US8752362B2 - Optical flame holding and flashback detection - Google Patents

Optical flame holding and flashback detection Download PDF

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Publication number
US8752362B2
US8752362B2 US12354010 US35401009A US8752362B2 US 8752362 B2 US8752362 B2 US 8752362B2 US 12354010 US12354010 US 12354010 US 35401009 A US35401009 A US 35401009A US 8752362 B2 US8752362 B2 US 8752362B2
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flame
soot
combustor
plurality
fuel
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US20100175384A1 (en )
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Gilbert Otto Kraemer
Jonathan Dwight Berry
Lewis Berkley Davis, Jr.
Garth Curtis Frederick
Anthony Wayne Krull
Geoffrey David Myers
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General Electric Co
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General Electric Co
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    • FMECHANICAL ENGINEERING; LIGHTING; HEATING; WEAPONS; BLASTING
    • F23COMBUSTION APPARATUS; COMBUSTION PROCESSES
    • F23NREGULATING OR CONTROLLING COMBUSTION
    • F23N5/00Systems for controlling combustion
    • F23N5/02Systems for controlling combustion using devices responsive to thermal changes or to thermal expansion of a medium
    • F23N5/08Systems for controlling combustion using devices responsive to thermal changes or to thermal expansion of a medium using light-sensitive elements
    • F23N5/082Systems for controlling combustion using devices responsive to thermal changes or to thermal expansion of a medium using light-sensitive elements using electronic means
    • FMECHANICAL ENGINEERING; LIGHTING; HEATING; WEAPONS; BLASTING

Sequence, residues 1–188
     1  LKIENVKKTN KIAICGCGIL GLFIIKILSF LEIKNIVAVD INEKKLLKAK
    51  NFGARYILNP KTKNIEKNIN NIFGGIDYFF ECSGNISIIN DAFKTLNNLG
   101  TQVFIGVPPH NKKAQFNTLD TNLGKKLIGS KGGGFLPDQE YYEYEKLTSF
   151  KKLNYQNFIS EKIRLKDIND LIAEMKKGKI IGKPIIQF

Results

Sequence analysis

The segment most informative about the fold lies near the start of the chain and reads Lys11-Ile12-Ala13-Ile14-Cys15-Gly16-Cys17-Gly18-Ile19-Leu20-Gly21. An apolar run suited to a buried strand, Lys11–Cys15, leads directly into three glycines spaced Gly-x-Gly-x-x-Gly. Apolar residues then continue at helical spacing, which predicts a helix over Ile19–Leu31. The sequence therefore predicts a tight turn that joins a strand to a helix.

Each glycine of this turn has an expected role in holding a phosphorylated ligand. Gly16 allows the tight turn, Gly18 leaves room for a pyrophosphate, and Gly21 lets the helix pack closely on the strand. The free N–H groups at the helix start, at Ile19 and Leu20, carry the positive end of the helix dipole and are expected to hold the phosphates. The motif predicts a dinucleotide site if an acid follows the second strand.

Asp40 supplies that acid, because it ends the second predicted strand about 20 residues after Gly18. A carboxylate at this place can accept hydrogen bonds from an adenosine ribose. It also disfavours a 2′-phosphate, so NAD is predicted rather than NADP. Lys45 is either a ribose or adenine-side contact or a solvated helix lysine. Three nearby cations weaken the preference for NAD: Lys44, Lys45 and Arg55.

• F23COMBUSTION APPARATUS; COMBUSTION PROCESSES
    • F23NREGULATING OR CONTROLLING COMBUSTION
    • F23N1/00Regulating fuel supply
    • F23N1/002Regulating fuel supply using electronic means
    • FMECHANICAL ENGINEERING; LIGHTING; HEATING; WEAPONS; BLASTING
    • F23COMBUSTION APPARATUS; COMBUSTION PROCESSES
    • F23NREGULATING OR CONTROLLING COMBUSTION
    • F23N5/00Systems for controlling combustion
    • F23N5/24Preventing development of abnormal or undesired conditions, i.e. safety arrangements
    • F23N5/242Preventing development of abnormal or undesired conditions, i.e. safety arrangements using electronic means
    • FMECHANICAL ENGINEERING; LIGHTING; HEATING; WEAPONS; BLASTING
    • F23COMBUSTION APPARATUS; COMBUSTION PROCESSES
    • F23RGENERATING COMBUSTION PRODUCTS OF HIGH PRESSURE OR HIGH VELOCITY, e.g. GAS-TURBINE COMBUSTION CHAMBERS
    • F23R3/00Continuous combustion chambers using liquid or gaseous fuel
    • F23R3/28Continuous combustion chambers using liquid or gaseous fuel characterised by the fuel supply
    • FMECHANICAL ENGINEERING; LIGHTING; HEATING; WEAPONS; BLASTING
    • F23COMBUSTION APPARATUS; COMBUSTION PROCESSES
    • F23NREGULATING OR CONTROLLING COMBUSTION
    • F23N2029/00Flame sensors
    • F23N2029/04Flame sensors sensitive to the colour of flames
    • FMECHANICAL ENGINEERING; LIGHTING; HEATING; WEAPONS; BLASTING
    • F23COMBUSTION APPARATUS; COMBUSTION PROCESSES
    • F23NREGULATING OR CONTROLLING COMBUSTION
    • F23N2041/00Applications
    • F23N2041/20Gas turbines

Abstract